Repair Membrane Buttons

restore conductivity to your rubber membrane buttons

© 2011 by Harold Melton, KV5R. All Rights Reserved.


Let’s face it: rubber membrane buttons just don’t last. Many radios, particularly handie-talkies and other handheld devices, use these pesky membrane buttons. Under the rubber button is a small carbon-impregnated rubber pad, and it wears down until there is insufficient conductivity to trigger the circuit when pressed. So we press the button harder and harder to make it work, but this only wears it out faster.

Fortunately, the carbon pads can be resurfaced using a silver-bearing paint, restoring the conductivity and greatly increasing the life of the buttons. I recently performed this procedure for the first time, and made a video tutorial.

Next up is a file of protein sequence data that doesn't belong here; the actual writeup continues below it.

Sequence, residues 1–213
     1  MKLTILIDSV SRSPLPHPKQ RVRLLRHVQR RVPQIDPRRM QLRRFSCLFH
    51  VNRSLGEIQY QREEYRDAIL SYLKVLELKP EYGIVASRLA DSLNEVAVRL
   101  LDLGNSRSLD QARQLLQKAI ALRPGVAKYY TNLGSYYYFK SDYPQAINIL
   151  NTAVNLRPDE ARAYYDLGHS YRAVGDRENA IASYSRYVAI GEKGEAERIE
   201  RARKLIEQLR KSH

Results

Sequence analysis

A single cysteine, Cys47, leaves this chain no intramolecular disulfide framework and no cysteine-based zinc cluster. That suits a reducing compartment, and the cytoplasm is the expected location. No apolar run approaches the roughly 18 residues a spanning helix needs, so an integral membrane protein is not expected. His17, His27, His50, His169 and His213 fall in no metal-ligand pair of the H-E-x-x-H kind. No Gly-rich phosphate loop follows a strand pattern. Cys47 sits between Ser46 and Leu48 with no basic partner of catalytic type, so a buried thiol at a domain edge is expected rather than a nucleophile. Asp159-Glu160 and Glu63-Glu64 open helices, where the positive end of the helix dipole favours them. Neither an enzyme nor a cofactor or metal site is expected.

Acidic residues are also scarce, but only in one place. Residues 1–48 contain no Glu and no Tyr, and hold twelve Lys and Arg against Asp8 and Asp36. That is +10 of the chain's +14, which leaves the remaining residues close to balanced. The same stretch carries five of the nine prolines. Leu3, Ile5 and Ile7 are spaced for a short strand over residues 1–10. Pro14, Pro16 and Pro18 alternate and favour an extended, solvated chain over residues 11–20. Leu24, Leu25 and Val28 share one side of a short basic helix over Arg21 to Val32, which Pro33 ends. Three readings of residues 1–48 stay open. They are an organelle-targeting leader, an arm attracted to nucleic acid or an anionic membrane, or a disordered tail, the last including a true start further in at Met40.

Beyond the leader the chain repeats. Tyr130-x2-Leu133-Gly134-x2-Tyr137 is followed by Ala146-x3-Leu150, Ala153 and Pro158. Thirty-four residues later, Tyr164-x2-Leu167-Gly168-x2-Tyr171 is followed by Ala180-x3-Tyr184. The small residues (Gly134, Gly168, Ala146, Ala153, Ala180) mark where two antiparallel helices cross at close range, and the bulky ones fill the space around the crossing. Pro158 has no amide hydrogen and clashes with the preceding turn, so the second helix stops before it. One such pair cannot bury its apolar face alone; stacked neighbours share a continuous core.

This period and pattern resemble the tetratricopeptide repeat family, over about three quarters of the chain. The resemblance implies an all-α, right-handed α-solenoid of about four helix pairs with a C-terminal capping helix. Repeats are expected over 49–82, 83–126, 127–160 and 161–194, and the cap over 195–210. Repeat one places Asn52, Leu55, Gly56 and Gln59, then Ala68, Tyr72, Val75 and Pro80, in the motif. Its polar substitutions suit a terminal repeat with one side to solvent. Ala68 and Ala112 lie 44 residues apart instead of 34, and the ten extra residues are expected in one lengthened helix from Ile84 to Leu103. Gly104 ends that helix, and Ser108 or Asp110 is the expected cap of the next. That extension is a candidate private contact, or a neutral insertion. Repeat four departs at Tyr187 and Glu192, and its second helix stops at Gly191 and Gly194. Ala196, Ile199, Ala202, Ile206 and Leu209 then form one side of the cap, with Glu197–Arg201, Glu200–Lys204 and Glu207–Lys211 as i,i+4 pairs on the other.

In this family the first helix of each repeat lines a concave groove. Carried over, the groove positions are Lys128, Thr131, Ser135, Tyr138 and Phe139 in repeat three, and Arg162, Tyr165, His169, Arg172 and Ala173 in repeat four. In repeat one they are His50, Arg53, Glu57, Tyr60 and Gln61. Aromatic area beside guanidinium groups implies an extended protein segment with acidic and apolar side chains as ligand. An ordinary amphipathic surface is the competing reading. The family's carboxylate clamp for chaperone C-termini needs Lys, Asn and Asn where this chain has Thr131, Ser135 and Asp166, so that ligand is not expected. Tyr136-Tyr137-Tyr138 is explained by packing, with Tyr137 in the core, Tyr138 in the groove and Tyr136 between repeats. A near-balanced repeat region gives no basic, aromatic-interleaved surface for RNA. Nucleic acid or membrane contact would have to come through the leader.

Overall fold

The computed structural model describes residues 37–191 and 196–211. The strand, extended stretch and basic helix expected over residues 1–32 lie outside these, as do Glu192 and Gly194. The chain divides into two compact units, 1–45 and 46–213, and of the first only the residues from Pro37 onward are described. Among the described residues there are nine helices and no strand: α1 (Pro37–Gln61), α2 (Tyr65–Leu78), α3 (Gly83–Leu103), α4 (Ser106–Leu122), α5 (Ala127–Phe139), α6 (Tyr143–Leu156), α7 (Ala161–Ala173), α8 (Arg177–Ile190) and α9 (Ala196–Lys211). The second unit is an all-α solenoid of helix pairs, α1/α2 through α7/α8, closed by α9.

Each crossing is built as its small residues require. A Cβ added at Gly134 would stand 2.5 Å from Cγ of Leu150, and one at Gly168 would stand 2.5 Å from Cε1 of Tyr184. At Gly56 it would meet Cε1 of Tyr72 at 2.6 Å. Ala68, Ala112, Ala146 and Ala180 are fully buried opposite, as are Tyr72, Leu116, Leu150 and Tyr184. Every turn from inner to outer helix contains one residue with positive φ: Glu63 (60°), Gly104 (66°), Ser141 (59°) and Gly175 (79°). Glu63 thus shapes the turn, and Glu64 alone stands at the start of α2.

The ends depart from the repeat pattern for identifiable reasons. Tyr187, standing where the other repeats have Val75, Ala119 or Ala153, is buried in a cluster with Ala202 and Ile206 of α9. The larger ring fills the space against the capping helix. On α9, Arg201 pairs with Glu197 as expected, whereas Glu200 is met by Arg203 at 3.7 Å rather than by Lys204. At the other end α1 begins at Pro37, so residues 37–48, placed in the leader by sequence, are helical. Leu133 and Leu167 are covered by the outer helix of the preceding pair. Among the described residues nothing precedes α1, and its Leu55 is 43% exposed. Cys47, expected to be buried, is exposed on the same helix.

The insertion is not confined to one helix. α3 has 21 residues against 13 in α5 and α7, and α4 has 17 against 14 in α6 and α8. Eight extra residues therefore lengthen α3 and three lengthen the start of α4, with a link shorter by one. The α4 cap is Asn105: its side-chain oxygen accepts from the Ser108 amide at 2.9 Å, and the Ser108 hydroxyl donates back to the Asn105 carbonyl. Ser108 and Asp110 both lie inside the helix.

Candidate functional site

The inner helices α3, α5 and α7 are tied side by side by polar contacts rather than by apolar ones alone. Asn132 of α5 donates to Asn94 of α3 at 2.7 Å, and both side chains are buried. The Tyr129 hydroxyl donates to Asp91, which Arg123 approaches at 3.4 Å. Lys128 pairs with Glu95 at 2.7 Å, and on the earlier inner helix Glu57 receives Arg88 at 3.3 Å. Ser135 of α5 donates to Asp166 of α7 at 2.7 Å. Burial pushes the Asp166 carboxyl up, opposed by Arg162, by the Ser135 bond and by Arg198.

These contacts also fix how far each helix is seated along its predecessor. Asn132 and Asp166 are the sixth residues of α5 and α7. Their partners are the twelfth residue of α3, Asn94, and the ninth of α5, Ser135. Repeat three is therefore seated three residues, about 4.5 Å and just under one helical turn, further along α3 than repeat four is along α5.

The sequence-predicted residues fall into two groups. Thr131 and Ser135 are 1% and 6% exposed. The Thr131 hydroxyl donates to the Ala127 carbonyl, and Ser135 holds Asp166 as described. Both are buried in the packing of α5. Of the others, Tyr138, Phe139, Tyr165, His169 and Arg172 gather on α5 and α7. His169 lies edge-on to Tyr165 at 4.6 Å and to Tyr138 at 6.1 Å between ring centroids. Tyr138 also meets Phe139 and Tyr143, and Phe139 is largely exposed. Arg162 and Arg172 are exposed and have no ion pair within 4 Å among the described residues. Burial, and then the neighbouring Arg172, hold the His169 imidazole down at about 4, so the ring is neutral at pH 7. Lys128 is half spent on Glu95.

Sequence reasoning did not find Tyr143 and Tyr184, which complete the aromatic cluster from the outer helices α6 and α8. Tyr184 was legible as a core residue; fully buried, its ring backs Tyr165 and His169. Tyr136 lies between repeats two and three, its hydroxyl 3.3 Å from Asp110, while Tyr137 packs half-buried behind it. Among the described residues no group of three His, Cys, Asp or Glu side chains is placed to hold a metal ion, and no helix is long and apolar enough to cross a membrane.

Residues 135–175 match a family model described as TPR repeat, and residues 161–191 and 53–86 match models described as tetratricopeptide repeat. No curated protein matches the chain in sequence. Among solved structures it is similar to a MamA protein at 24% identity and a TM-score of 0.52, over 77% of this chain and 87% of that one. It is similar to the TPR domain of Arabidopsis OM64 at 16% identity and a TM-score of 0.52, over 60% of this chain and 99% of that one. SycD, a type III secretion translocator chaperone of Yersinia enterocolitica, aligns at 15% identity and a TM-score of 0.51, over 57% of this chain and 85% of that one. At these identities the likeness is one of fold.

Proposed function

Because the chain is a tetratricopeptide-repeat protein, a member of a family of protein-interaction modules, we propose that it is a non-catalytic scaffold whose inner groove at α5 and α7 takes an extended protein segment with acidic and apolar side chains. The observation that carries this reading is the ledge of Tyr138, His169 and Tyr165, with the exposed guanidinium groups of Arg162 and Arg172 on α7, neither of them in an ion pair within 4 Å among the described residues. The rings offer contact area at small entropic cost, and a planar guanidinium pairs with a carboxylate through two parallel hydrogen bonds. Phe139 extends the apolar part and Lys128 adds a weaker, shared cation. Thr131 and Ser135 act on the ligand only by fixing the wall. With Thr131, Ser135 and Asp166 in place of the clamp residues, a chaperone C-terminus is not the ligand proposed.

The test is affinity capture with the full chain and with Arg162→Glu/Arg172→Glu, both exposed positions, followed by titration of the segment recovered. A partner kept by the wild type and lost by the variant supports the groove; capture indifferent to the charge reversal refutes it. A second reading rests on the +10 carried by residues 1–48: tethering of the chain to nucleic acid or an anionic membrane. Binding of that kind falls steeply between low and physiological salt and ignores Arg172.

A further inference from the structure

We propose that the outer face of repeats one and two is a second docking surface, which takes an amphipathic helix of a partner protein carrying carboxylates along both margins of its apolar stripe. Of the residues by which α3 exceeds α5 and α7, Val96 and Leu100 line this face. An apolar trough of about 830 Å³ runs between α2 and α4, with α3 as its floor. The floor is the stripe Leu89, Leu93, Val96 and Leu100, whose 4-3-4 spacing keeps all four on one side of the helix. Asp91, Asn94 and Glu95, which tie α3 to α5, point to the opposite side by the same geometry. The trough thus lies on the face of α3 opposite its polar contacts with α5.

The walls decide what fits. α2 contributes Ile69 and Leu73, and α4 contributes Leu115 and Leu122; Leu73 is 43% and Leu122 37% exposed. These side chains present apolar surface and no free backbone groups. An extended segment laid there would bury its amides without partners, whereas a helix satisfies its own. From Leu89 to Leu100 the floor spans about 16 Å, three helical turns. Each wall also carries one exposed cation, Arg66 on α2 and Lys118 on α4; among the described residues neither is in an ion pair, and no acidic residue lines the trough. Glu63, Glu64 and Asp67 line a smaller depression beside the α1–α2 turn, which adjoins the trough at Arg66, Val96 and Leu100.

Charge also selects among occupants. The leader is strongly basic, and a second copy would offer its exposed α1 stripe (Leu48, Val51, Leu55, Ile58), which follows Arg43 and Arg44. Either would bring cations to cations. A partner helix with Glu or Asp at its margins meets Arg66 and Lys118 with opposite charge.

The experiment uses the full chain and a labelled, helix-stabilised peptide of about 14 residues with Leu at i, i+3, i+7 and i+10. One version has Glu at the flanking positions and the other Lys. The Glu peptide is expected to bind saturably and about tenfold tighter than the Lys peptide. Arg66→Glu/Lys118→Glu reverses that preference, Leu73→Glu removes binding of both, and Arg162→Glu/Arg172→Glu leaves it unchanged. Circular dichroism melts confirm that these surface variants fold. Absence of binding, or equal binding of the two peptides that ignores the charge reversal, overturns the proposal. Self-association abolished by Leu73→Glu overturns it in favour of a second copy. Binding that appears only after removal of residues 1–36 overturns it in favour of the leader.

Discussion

You will need:

Video Tutorial

If the embedded video doesn’t work from your browser, click

3 thoughts on “Repair Membrane Buttons
  1. I have used Neolube No. 2 available from Micro-Mark. I usually use three coats and 12 hours between coats. Then I pad with a paper towel. I have fixed a few dozen keypads on various instruments.

  2. For the very small screws, I glued a small magnet onto a plastic lid scrounged from the small sized yogurt container. Easy to drop screws and nuts onto and then pick off. Also, the small vial of paint like that is easy to tip over (don’t ask…). I found a blob of Play-Doh or similar putty can hold the vial in place and not allow it to move when refilling the brush. Thanks for a great video.

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